After officially being named the backup catcher for the beginning of the 2017 season by skipper Dave Roberts in early December, many fans of the Dodgers were left wondering exactly what to expect from Austin Barnes, especially when considering his highly regarded potential and versatile ability to contribute all around the diamond.
During the 2016 regular season, Barnes played nine games at catcher for the Dodgers, seven at second base and one at third. He recorded time at those same three positions with Triple-A Oklahoma City, in addition to making one start in center field. Barnes was also one of seven rookies on the Dodgers’ 2016 NLDS roster.
Although his .180 average over 74 plate appearances in the majors is still a relatively small sample size, Barnes’ .299/.388/.439 career slash line in the minors certainly suggests signs of promise.
For Oklahoma City last year, the 27-year-old right-handed hitting Barnes hit .295/.380/.443 in 85 games over 385 plate appearances, stealing a surprising 18 bases while primarily batting out of the two-hole.
Defensively, although he isn’t known for gunning down an overwhelming number of base-stealers, his release is quick enough to keep runners honest and his overall receiving skills and mechanics are excellent. He has a reliable glove in the infield and has more than held his own when used at second base at both levels.
Originally selected in the ninth round of the 2011 MLB Draft by the Marlins out of Arizona State University, Barnes’ best year on the farm came in 2014 when he slashed .304/.398/.472 with 31 doubles, 13 home runs and 57 RBI in 122 combined games between the High-A Jupiter Hammerheads and the Double-A Jacksonville Suns while still in the Miami system.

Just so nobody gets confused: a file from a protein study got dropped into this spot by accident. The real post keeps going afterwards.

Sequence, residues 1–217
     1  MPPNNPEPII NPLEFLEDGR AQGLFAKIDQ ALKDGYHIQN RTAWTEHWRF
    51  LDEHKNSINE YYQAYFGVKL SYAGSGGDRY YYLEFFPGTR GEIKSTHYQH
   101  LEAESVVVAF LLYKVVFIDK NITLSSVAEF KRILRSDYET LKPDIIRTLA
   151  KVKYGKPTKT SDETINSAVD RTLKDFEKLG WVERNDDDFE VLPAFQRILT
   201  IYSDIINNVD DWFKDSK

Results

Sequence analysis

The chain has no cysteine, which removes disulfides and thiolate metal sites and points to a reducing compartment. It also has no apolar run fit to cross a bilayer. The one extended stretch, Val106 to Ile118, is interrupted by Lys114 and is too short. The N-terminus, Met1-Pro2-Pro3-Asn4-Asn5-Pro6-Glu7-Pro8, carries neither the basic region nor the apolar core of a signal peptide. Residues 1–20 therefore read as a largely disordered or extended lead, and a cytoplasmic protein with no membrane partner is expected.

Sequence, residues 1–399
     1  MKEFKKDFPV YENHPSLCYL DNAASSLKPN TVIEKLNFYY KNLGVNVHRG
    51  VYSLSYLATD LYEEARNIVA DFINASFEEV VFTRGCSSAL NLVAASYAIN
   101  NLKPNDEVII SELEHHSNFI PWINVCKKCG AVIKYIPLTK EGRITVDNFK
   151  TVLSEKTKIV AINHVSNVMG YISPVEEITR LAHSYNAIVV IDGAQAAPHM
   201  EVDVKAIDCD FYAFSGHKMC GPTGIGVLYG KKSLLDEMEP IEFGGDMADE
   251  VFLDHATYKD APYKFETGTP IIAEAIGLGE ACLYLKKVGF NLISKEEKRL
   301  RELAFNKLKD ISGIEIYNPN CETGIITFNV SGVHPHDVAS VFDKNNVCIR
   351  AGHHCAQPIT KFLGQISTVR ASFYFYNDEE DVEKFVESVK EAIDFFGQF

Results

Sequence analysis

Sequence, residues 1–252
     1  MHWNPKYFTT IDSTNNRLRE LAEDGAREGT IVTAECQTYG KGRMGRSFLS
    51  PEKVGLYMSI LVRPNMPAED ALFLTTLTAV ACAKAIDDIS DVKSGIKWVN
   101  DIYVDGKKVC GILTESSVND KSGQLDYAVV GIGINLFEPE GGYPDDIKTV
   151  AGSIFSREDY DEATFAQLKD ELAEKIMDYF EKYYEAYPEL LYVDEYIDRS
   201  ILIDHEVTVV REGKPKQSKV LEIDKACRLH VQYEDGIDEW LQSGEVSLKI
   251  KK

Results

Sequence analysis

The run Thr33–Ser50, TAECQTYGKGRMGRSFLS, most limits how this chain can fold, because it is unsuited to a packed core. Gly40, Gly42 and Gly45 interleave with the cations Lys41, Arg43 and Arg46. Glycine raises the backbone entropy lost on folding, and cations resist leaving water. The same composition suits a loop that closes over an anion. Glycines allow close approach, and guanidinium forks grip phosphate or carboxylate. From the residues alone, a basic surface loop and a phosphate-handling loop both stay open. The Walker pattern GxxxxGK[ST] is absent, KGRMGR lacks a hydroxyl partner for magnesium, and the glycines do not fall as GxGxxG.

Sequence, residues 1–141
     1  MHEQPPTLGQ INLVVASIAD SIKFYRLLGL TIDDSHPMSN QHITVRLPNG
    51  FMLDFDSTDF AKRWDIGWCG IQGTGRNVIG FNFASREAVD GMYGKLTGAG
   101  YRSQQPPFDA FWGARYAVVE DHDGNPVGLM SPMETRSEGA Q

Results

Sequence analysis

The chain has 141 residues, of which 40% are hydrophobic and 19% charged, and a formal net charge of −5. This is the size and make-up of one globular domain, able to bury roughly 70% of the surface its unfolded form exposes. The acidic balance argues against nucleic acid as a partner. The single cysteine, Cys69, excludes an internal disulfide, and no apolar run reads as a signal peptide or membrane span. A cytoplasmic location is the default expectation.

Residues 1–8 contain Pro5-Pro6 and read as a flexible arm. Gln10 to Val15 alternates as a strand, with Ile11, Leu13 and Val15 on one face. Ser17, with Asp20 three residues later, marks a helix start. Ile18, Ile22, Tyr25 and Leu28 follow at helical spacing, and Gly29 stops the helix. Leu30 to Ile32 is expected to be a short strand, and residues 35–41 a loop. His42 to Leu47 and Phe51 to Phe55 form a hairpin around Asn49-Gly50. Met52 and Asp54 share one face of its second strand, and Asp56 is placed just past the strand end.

Despite his skill at multiple positions, though, it’s unlikely that Barnes will be used frequently in the field, only because of the importance of having a backup catcher readily available for the sake of emergency. Yet to make sure that Yasmani Grandal stays fresh and at peak health over the course of the entire season, Barnes projects to get a start at least once every fourth or fifth day, most specifically against southpaw pitching.
And as it’s very unlikely the Dodgers utilize three catchers on the 25-man roster, Barnes will still get the opportunity to showcase his abilities at other positions during Cactus League play as well as in September when rosters expand, if the opportunity presents itself.
For those who are big fans of FanGraphs and Steamer projections, the 2017 lines have Barnes appearing in 47 games with 182 plate appearances, while slashing .253/.324/.377 and collecting four long balls in the process.
As far as the depth chart goes in the farm system, the Dodgers signed veteran backstop Bobby Wilson to a minor league deal back in early January. In addition to providing cover in case of injury, Wilson also appears likely to play the mentor role to youngsters Kyle Farmer and Jack Murphy at OKC.
(Follow Dennis on Twitter: @thinkbluepc)